Our recommendations: Where of material value, you could seek to amend or renegotiate (if possible) non UK law contracts. If this is not possible, consider amending alternative dispute resolution clauses to make alternative dispute resolution more definitive.
The clause: Jurisdiction
Its impact on your business: Similarly to governing law provisions, jurisdiction provisions should be considered. If these provide for non-exclusive jurisdiction then potentially claims might be made in EU territories. This could make claims more expensive and it may be more difficult for English law contracts to be determined in the EU.
Our recommendations: Consider making jurisdiction provisions exclusive to the UK. This in itself may not always be sufficient to prevent an entity claiming jurisdiction.
The clause: Notice periods
Its impact on your business: Current notice periods when dealing with EU-based entities may not be sufficient. Service periods may need to be extended depending on increased administration.
Our recommendations: This is unlikely to be a significant risk but worth noting generally where notices are due to be served a lot under the relationship.
The clause: Currency rates
Its impact on your business: This may not be directly relevant to a number of your entity contracts but to the extent that fees/charges are being paid in a different currency then fluctuations in exchange rates may have a significant cost of doing business under that contract.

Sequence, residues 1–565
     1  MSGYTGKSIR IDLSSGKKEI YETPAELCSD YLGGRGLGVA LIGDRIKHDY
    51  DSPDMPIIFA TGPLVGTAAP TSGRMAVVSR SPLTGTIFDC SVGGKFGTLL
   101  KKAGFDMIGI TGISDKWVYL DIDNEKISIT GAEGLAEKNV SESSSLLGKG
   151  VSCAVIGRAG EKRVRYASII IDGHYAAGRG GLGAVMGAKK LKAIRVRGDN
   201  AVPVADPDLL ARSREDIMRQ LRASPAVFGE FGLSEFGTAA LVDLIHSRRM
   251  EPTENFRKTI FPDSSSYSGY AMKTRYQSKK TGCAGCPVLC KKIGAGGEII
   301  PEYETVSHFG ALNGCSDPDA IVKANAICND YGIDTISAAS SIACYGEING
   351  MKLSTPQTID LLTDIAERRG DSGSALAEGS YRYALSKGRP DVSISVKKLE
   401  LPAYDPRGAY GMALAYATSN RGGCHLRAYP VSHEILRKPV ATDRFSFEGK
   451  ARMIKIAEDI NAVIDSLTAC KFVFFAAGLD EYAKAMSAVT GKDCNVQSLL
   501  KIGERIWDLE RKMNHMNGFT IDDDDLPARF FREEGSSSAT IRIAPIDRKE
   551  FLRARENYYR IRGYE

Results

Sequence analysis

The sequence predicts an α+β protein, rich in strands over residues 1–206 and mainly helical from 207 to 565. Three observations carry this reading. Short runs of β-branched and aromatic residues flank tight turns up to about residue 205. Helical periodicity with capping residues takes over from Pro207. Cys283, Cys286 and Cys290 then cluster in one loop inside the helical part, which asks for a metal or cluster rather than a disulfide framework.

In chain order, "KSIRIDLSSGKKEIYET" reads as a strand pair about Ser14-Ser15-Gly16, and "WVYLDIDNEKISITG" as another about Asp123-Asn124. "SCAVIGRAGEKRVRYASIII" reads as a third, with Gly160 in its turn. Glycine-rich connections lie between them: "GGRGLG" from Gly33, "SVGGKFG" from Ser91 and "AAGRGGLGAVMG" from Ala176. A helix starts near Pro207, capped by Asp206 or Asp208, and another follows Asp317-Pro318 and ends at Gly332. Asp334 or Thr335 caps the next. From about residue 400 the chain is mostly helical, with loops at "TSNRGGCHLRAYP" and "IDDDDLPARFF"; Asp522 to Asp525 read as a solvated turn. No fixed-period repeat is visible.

Our recommendations: Consider whether you or your business entities currently pay/receive monies in Euros or other currencies. Rate fluctuations are likely to be extremely volatile in the period leading up to and after Brexit. Including controls on exchange rate risk or altering payment mechanisms/currency may need to be considered or included certainly where significant charges or payments are involved.
References to the EU
The clause: EU contractual references
Its impact on your business: Current terms may reference the EU – these should be considered and amended where they are no longer correct and impact the delivery of the agreement (for example this could affect the scope of IP/software licences; data protection legislation definitions; exclusivity arrangements)
Our recommendations: Check references to EU in the contract to ascertain whether these no longer work post Brexit.
The clause: Passporting rights (for financial services providers)
Its impact on your business: Potentially Brexit could result in a loss of "passporting" rights. This could inhibit you or your business entity's ability to provide financial services directly to customers in the EU.
Our recommendations: Alternative means of achieving current working relationships with EU citizens may need to be considered.
The clause: Tax
Its impact on your business: Generally tax provisions provide for future change in rates and taxation. This has typically remained fairly stable (subject to the fairly infrequent change in tax rates – i.e. VAT). This could change post Brexit. This could impact the cost again of doing business although arguably this would more likely have a global effect.
Our recommendations: Consider whether there are any specific tax references to import/export tariffs as opposed to English taxable goods/services.
The clause: Hardship provisions
Its impact on your business: Occasionally contracts will include a provision that allows a party to exit/terminate if the contract becomes overly onerous or burdensome from a financial perspective. These are unusual but are worth keeping an eye out for.
Our recommendations: Check whether there are any clauses that enable suppliers (especially when they are key providers) to terminate/renegotiate or exit a contract where the cost of performing becomes too onerous for the provider. What contingencies might be in place should any such clauses be exercised? Do any of these clauses sit in key contracts?
The clause: Change control